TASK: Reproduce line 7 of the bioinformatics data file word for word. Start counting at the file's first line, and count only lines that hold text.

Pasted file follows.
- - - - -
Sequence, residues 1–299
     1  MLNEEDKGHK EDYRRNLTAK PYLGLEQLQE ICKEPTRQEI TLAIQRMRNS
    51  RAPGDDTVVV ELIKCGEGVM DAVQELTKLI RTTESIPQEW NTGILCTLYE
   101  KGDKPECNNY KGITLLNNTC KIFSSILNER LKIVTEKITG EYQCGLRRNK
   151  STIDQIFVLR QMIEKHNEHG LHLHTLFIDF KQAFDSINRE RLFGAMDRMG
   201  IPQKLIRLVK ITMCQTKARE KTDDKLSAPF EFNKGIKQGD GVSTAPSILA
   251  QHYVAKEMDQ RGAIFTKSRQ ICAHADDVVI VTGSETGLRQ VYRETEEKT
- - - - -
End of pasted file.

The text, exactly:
   251  QHYVAKEMDQ RGAIFTKSRQ ICAHADDVVI VTGSETGLRQ VYRETEEKT